Who is next for Israel Adesanya?
That’s the biggest question on everyone’s mind coming out of Adesanya’s dramatic revenge win over Alex Pereira at UFC 287. With their series tied at one apiece in MMA, is a trilogy match in the cards for the now two-time UFC middleweight champion and Pereira? Or after back-to-back battles, is time to give someone else a chance at 185 pounds?
MMA Fighting’s Shaun Al-Shatti, Steven Marrocco, Damon Martin, and Jed Meshew sidle back up to the roundtable to debate who should be next for “The Last Stylebender.”
Meshew: Come on, y’all. This one is easy. It’s practically a layup: Israel Adesanya needs to fight Dricus du Plessis next.
The best part of watching MMA, and the UFC in particular, is when you get a matchup of two people who really don’t like each other. The UFC is terrible at promoting any other kind of fight, and as such they force-feed fake “bad blood” narratives all the time that land flat. But when you get a real one, between two people with a genuine dispute that they can’t settle like adults, and so instead settle it like men by bashing each other’s heads in, that’s the good stuff. It’s primal, and it works. And what is more primal than a territory dispute with not-so-subtle overtones of imperialism, xenophobia, and colonialism?
Look, we don’t have to do a deep dive into just how stupid it is for one man to try and speak for all of Africa (over 1 billion people spread across one of the largest landmasses on the planet) or how potentially problematic it is for a white South African man to tell Black men of African heritage that they don’t belong (extremely bad scenes!), for us all to recognize that du Plessis saying he will be the first African UFC champion is dumb. But dumb and inflammatory comments are the backbone of any good fight buildup, and they clearly struck a chord, because I don’t see Adesanya threatening any other top contenders by saying he “will gladly drag his carcass across South Africa.”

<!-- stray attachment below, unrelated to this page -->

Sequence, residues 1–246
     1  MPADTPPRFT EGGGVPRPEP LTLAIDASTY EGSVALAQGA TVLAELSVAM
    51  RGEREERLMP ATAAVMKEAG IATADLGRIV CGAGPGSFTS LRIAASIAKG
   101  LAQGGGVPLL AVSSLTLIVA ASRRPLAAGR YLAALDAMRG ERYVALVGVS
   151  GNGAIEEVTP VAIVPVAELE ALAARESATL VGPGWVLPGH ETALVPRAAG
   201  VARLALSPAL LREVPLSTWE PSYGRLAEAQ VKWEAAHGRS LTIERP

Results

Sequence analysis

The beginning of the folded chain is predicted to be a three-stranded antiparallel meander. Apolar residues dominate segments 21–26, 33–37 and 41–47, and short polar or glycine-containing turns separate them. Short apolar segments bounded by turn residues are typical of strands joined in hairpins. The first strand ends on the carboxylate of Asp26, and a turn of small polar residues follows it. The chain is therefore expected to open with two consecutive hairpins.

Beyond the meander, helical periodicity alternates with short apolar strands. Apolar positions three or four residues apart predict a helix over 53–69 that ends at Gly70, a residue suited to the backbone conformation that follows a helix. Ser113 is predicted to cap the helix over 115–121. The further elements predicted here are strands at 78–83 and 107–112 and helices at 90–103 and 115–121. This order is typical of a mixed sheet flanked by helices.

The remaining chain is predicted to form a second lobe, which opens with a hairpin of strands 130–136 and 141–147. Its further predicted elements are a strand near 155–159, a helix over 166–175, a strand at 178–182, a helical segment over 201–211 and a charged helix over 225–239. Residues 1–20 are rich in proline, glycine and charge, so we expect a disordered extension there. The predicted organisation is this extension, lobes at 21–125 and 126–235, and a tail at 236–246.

At the end of the day, we’re talking about two top-10 middleweights with legitimate beef, and beef that’s about more than simply being the best. This is feud about the very nature of cultural identity and heritage. And with the UFC reportedly heading to Africa sometime this year, how do you not put this battle for the continent on center stage? This is not some sort of “We used to be friends but he betrayed me!” or “You slept with my girlfriend!” type of backyard animus; this is f****** Hamlet in an eight-sided cage. Why on god’s green Earth would we settle for anything less?
Marrocco: Fellas, fellas. Please give Mr. Adesanya a break from Alex Pereira. They have now fought four times in kickboxing and MMA — that’s more than a year in the gym thinking about one guy. The emphatic nature of Adesanya’s revenge at UFC 287 should give him some leeway to choose a new challenge, and that kind of narrows things down at 185 pounds. Look down the list, and you see a lot of conquered ground. Perhaps the best current candidate, Robert Whittaker, offers little inspiration for the two-time champ. Then there’s younger blood like du Plessis, which Adesanya is right about: The South African hasn’t done the work yet, fun as it might be to make him answer for his words about his heritage.
So let that rivalry percolate a little more, and let’s find out if du Plessis’ many near-losses are a function of oxygen deficiency or his worthiness as a middleweight title challenger. Instead, give Adesanya another boogeyman in Khamzat Chimaev. That’s just the kind of scary matchup that would bring the best out in him — and it would be an exciting fight for the fans. It’s also a better style matchup than that other boogeyman Adesanya took on in Yoel Romero, whose counter-heavy, wrestling-adverse approach made for a dreadful fight to watch. No part of Chimaev is going to hesitate to rush the champ and try to deposit him on the ground. It’s where he wins the fight, and where all of Adesanya’s work rounding out his game gets a big test.